A fine walk with the chance to descend a coal mine or ride a steam train.
Calculated time is computed with the distance, the height difference, and an average speed of 2.2 mph. For an intermediate walker, this time includes small breaks.
(D/A) From The Butchers Arms, front door, turn right and walk down Church Street then Wereton Road for half a mile, ignoring all turnings to left and right.
After the entrance to Dean View (on the right) at the end of the village, the road starts to descend steeply and bends to the left. On the bend, take a narrow footpath straight on, to the right of a house called Medway.
(1) Beyond a kissing gate, walk along above the stream (Dean Brook) then descend to a further kissing gate at the valley bottom. Cross a low bridge and walk up the opposite bank to a kissing gate into a cultivated field.
Walk up the slope (if the field is impassable, follow the left-hand edge).
Look out for a gap in the hedge on your left, beyond which the path cuts the corner of the next field to a footpath sign and gate in a line of trees.
Follow the narrow hedged path beyond to a gate, then continue on the opposite side of the hedge.
(2) Continue to a road (B5367) by a former chapel. Turn left and follow the road for 150 yards, then turn right into Red Hall Lane.
Shortly, turn left through a metal kissing gate on your left and follow the path ahead as it curves to the right to reach Bateswood Lake.
Turn left and follow the obvious path. Keep left of a memorial plaque set into a stone and follow the path across an open area, climbing gently to a broad track backed by woodland.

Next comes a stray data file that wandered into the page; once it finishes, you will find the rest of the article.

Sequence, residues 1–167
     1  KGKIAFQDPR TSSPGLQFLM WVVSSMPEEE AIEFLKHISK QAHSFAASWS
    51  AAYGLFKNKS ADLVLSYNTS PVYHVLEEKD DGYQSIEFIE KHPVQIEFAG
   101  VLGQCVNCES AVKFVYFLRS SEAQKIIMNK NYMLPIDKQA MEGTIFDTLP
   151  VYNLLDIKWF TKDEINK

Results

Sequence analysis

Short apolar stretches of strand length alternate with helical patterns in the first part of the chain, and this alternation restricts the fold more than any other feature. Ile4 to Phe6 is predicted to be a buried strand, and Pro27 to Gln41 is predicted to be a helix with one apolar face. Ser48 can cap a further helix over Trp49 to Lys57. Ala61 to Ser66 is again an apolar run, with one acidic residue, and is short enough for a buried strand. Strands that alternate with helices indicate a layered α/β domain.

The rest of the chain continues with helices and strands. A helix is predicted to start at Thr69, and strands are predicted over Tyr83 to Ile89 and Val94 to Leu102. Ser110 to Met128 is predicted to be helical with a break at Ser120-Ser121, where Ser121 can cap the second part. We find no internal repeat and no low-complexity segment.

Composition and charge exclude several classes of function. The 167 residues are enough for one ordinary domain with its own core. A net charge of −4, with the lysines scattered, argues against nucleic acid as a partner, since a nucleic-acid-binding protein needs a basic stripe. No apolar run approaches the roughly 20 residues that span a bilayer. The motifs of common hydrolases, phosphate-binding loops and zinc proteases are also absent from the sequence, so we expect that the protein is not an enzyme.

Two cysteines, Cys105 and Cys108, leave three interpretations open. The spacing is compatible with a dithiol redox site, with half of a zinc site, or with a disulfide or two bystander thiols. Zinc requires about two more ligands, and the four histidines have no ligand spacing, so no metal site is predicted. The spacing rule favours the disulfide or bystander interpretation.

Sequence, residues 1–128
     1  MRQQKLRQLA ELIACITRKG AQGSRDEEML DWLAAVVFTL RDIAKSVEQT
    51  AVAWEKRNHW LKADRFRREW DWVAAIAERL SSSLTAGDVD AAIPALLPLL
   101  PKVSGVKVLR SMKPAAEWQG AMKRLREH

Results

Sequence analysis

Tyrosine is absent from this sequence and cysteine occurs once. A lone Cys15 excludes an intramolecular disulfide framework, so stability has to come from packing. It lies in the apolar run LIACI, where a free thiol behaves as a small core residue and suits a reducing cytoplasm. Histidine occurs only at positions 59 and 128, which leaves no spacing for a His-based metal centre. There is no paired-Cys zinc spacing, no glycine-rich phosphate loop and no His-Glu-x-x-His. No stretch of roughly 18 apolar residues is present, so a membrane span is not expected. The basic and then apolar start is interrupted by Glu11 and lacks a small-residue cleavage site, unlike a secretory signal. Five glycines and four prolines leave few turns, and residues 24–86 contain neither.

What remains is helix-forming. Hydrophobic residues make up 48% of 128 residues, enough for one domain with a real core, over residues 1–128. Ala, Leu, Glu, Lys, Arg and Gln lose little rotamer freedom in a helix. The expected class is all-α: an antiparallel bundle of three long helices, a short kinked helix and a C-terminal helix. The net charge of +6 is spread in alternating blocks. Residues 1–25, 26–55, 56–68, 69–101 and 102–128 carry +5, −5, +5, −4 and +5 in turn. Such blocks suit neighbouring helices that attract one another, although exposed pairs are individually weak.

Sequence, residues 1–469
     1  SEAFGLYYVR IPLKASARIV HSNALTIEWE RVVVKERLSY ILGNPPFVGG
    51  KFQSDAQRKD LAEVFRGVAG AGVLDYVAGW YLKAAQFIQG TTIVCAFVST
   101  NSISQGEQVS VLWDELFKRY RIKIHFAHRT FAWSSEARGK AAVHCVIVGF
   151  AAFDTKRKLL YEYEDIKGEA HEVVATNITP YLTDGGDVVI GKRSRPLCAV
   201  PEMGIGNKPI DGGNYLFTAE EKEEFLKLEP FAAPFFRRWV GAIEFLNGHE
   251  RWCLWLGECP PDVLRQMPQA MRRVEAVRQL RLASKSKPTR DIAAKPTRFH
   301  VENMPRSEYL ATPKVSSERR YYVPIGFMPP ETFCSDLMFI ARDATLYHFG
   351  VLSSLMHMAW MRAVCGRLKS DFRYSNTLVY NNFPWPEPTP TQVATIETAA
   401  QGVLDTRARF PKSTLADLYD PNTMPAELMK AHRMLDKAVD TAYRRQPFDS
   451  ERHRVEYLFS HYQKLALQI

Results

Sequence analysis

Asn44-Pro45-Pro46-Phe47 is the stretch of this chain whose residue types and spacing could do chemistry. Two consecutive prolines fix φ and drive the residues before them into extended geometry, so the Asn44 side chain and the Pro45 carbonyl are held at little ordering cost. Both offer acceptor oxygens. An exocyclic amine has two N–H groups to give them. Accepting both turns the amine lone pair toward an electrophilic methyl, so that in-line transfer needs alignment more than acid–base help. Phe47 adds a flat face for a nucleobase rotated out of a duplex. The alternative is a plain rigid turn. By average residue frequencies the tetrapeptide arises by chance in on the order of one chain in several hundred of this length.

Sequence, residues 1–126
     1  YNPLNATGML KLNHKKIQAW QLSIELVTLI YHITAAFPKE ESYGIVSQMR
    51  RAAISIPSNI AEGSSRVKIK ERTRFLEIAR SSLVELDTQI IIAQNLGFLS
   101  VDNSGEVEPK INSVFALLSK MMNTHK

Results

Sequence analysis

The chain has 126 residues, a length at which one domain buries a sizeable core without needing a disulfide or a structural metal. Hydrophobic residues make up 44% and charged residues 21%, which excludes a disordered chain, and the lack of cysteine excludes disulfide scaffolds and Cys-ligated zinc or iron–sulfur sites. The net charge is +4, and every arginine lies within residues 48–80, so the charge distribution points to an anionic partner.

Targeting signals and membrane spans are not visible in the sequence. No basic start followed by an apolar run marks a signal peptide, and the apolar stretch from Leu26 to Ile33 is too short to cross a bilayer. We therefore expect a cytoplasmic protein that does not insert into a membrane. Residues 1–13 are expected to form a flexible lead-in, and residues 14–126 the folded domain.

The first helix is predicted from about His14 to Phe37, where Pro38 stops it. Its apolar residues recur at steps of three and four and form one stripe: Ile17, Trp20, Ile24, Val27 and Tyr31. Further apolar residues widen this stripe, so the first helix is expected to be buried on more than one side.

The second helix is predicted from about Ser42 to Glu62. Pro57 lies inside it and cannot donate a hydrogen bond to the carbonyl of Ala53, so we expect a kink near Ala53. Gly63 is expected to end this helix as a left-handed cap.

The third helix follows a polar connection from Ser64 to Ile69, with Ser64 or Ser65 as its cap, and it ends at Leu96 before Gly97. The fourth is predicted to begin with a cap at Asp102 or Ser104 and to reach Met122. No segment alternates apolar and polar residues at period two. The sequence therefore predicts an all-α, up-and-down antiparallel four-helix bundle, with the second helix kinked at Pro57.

(3) Turn left to a car park. Beyond the entrance, take the shaded path opposite; cross a wider track by a dog bin and continue ahead, up some steps and out to the road (High Street).
Turn right briefly, then cross to a stile before the war memorial and church. Follow the hedge on your right then walk to the right of a fence across the field.
By an oak tree, the path turns half-right and climbs steeply uphill towards a mast. Beyond a metal stile, follow the path ahead through the trees and around the mast compound. The path continues within the belt of trees to a rough track.
Turn right for a few yards, then left over a stile into a field. Proceed to a stile in a fence then bear half-left down the slope, past a collapsed stile.
(4) On meeting the woodland edge, turn left to find a stile into the wood at the bottom of a dip. The path swings left above a small stream and meets another path by a bench. Turn right and take the path signposted to Perch Pool.
This path winds through trees, with occasional steps and green waymarks. Beyond the pool, the path swings right and left with a field to the right, before climbing to meet a broader path.